Quillette

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Quillette
Quillette.png
Editor-in-chiefClaire Lehmann
Senior editor, LondonJamie Palmer
Canadian editor, TorontoJonathan Kay
Associate editor, LondonToby Young
European Editor, StockholmPaulina Neuding
Staff writersHelen Dale
Debra W. Soh
Jeffrey Tayler[1][2]
CategoriesPolitics, culture, sciences, and technology[3]
PublisherClaire Lehmann
FounderClaire Lehmann
Year founded2015; 4 years ago (2015)
CountryAustralia
Based inSydney, Australia
LanguageEnglish
Websitequillette.com

Quillette (/kwɪˈlɛt/) is an online magazine founded by Australian journalist Claire Lehmann. The publication has a primary focus on science, technology, news, culture, and politics. It is associated with the "intellectual dark web".[3][4]

Etymology[edit]

Quillette is named after the French word for a withy cutting planted so that it takes root—used here as a metaphor for an essay.[5]

History[edit]

Quillette was launched in October 2015 in Sydney, Australia, by Claire Lehmann.[6] The website drew significant public attention on 7 August 2017 after publishing the responses of four scientists (Lee Jussim, David P. Schmitt, Geoffrey Miller and Debra W. Soh)[7] to James Damore's controversial memo "Google's Ideological Echo Chamber".[8][9][10] The website was temporarily shut down by a DDoS attack following publication of the piece.[11][12]

In 2018 Quillette said that they were funded mostly by contributions from readers via Patreon, and a small part (less than 5%) of the revenue came from Amazon affiliates and other advertisers.[13]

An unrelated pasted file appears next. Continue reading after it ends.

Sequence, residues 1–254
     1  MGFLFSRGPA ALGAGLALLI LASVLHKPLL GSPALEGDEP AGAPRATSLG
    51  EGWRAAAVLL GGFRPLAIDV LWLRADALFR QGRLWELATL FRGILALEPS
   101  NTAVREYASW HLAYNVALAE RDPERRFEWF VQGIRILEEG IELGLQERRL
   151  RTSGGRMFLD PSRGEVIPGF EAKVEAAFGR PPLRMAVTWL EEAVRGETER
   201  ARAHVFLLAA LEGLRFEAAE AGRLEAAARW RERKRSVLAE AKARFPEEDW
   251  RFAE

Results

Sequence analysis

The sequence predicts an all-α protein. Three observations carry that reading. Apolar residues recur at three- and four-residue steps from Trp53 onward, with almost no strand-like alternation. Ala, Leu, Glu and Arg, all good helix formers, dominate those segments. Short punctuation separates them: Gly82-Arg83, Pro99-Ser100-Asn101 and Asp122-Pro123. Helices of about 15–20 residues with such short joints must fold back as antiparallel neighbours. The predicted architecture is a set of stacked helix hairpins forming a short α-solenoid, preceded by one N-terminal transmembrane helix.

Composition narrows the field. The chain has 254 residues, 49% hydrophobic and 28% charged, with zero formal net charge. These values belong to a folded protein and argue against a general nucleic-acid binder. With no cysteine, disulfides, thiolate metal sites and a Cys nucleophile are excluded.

In August 2019, the magazine published a hoax piece titled "DSA Is Doomed", and then quickly retracted it after being alerted to evidence indicating it was a hoax.[14][15][16] Democratic socialist magazine Jacobin reported that "Quillette was not only negligent in their fact-checking of [the hoaxer's] fabrication, they actually embellished his story with their own ideological fables."[17] Quillette's editor-in-chief Claire Lehmann has denied the accusations of embellishment.[18] She took full responsibility for the hoax having been published, and promised to "strengthen" the magazine's processes.[19]

According to its editor Jonathan Kay, Quillette publishes people who are "canceled" but restricted to those who were accused of less serious things.[20]

Podcasts[edit]

Quillette Podcast
Quillette Podcast.png
Presentation
Hosted byQuillette Staff
GenreScience, technology, news, culture, politics
UpdatesWeekly
LengthVariable
Production
ProductionClaire Lehmann
No. of episodes61
Publication
Original releaseNovember 8, 2018; 13 months ago (November 8, 2018) – present